Carmel Magazine

Summer 2017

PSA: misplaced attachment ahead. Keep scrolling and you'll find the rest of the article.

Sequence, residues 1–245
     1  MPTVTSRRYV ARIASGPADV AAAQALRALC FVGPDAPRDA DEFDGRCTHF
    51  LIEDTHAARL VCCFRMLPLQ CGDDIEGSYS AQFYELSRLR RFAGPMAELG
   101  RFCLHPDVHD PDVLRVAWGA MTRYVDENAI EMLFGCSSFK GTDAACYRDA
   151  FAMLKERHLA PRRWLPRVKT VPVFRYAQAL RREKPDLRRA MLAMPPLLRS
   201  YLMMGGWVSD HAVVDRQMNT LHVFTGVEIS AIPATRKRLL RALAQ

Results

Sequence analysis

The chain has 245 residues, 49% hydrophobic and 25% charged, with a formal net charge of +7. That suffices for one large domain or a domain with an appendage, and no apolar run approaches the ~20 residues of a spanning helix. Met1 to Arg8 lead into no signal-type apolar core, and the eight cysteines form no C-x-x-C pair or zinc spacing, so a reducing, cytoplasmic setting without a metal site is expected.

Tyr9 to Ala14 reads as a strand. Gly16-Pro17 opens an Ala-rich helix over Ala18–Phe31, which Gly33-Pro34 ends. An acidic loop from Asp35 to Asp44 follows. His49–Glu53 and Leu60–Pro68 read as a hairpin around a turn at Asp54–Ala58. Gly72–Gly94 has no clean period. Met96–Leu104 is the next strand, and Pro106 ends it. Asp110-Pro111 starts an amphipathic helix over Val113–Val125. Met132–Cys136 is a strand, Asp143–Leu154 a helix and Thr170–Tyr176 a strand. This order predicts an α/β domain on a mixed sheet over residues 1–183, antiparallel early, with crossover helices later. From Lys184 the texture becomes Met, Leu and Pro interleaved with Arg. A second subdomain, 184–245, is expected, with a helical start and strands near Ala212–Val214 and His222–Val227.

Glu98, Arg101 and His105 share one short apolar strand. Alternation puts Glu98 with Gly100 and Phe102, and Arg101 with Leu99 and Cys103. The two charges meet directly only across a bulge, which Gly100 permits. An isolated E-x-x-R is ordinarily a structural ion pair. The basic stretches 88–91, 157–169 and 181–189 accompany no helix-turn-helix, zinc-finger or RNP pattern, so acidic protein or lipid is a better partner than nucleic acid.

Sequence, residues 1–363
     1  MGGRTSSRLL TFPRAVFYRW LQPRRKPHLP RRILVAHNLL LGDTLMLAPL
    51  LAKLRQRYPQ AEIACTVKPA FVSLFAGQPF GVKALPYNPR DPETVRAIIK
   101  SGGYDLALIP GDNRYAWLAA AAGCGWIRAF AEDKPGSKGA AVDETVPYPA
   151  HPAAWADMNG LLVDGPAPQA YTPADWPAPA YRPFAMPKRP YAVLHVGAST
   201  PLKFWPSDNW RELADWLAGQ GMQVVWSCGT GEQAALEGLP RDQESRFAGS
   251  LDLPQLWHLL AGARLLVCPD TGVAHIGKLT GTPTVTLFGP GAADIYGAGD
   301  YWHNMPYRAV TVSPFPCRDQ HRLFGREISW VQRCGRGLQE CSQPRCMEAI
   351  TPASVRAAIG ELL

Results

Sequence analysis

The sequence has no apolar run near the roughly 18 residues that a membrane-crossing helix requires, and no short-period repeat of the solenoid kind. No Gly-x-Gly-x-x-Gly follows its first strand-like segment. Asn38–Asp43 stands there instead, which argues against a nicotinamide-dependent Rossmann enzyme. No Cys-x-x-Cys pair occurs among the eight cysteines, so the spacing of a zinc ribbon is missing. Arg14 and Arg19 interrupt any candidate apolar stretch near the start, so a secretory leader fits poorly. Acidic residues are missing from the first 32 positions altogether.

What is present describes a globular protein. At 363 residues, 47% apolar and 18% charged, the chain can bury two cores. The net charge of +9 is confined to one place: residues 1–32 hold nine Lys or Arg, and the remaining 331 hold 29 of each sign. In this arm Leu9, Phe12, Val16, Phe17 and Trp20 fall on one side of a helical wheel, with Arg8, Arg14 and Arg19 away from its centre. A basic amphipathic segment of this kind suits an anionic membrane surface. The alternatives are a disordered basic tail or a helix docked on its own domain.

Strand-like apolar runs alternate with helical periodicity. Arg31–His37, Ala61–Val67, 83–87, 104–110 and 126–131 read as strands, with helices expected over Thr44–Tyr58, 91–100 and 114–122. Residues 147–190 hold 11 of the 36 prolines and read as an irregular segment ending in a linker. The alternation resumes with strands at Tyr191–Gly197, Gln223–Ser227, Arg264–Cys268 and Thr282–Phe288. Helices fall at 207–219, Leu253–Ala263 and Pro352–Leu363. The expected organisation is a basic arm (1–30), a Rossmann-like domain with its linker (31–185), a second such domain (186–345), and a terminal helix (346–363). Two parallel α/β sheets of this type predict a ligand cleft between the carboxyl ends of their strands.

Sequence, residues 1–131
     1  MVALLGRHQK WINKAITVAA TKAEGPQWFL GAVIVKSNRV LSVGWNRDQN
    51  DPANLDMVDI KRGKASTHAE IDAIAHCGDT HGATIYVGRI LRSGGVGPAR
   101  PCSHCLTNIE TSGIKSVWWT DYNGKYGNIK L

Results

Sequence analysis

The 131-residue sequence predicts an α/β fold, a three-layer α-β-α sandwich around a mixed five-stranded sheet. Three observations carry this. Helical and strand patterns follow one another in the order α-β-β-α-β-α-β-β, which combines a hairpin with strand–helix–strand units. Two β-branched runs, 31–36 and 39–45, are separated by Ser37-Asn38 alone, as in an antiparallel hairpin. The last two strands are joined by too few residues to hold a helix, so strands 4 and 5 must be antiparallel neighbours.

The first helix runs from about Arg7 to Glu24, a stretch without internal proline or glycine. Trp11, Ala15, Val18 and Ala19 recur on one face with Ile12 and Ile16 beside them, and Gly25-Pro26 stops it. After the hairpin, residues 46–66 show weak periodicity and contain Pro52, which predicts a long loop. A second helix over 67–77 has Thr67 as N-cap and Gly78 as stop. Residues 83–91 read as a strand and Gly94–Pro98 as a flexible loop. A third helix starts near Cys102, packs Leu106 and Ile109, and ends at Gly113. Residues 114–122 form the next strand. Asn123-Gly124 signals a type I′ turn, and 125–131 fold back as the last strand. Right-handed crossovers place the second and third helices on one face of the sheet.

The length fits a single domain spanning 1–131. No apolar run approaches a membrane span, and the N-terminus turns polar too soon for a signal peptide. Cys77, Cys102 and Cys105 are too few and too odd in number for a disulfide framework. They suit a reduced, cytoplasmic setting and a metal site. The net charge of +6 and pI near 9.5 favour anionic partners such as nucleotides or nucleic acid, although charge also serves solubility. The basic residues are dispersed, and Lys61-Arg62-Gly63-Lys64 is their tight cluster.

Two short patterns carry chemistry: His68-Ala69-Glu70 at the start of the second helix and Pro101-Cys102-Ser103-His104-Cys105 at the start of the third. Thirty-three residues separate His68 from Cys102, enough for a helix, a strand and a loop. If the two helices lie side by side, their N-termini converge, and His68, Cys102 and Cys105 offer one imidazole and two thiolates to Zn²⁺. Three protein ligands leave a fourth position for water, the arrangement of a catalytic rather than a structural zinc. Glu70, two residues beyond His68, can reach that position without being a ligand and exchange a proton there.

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TAKE YOUR BEST SHOT B Y D A N PA S Q U A R I E L L O A N D L A I R D S M A L L 90 C A R M E L M A G A Z I N E • S P R I N G / S U M M E R 2 0 1 7 Bouncing Back from Golf Nightmares ou're at Pebble Beach, and through six holes, you're playing lights out! You're thinking to yourself, "Wow, Pebble Beach isn't all that hard." Standing on the tee at the par-3 seventh hole with a sand wedge in your hands, no wind, and only 98 yards between you and the flag, you're staring down a real birdie opportunity and a chance to get your round back to even par. Even par through seven holes on your first trip around Pebble Beach? You're living the dream! Then, suddenly, your dream becomes a nightmare. You pull your tee shot into the left greenside bunker, then skull your next shot over the green onto the rocks below. Your fourth shot barely clears the bunker, and you finally chip on, two-putt and walk away with a quadruple-bogey 7. On the next hole, determined to get those strokes back in a hurry, you go for the green on your second shot from 210 yards and hit it thin, watching it barely clear the ocean chasm separating the fairway from the green. After a poor pitch shot, then a chip past the hole, it takes three putts to get the ball holed for a triple bogey. Double bogeys on holes nine and 10 leave you seething and won- dering just how all this happened after such a great start. You have just experienced what is commonly referred to in golf as "having the wheels fall off your game." It happens even to the best of players. John Daly shot an 88 during a PGA TOUR event in 2008, making a 10 on a hole and shooting a back-nine 51. Even Tiger Woods shot an 81 in the third round of the 2002 Open Championship at Muirfield, recording seven bogeys and two double bogeys in his first 14 holes. What matters is that you have a plan, so that when those wheels start to come off the wagon, you know how to put them back on and pull the cart into the barn. By practicing a little more emotional control and patience, and understanding what your tendencies are when your game comes under duress, you too can find a way to bounce back from the very bad holes. Here are a few guidelines that will help: Play to Your Personal Par: Use your handicap to determine a realistic par for each hole—stop trying to play like a scratch golfer. Use Caution on the Tee: After a bad hole, play it safe and choose a club on the next tee that will help you get your confidence back. Learn to Recognize Tension: Recognize when the environment is causing you stress, and play for how that stress is going to affect your shot. Don't Attach Yourself to the Outcome: Forget your negative history with a particular shot; instead, embrace the challenge with a fresh attitude and change the results. Take a "Second-Shot" Mentality: Approach your first shot like it's a mulli- gan, and swing away like you've already put the bad result behind you. Keep Your Chin Up: Stop berating yourself after every bad shot. Walk the course with your head held high and it will start to impact your game in a positive way. Take the SAT Approach: Use spor ts psychologist Dr. Glen Albaugh's post-shot process to identify mistakes and reframe them: Strategy: Was it correct for the hole or shot you attempted? Aim: Was it accurate, or did you hit a good shot and were misaligned? Trust: Did you trust yourself when you struck the shot, or were you not committed to the shot or club? Give these ideas a try, and we know your game and attitude will bounce back! Come visit us at the Pebble Beach Golf Academy for additional tips, les- sons, golf fitness evaluations, club fitting and more. We look forward to seeing you soon and helping you make golf a fun and enjoyable game. Call us at 831/622-8650 to schedule your session! By practicing a little more emotional control and patience, and understand- ing what your tendencies are when your game comes under duress, you too can find a way to bounce back from the very bad holes. Y

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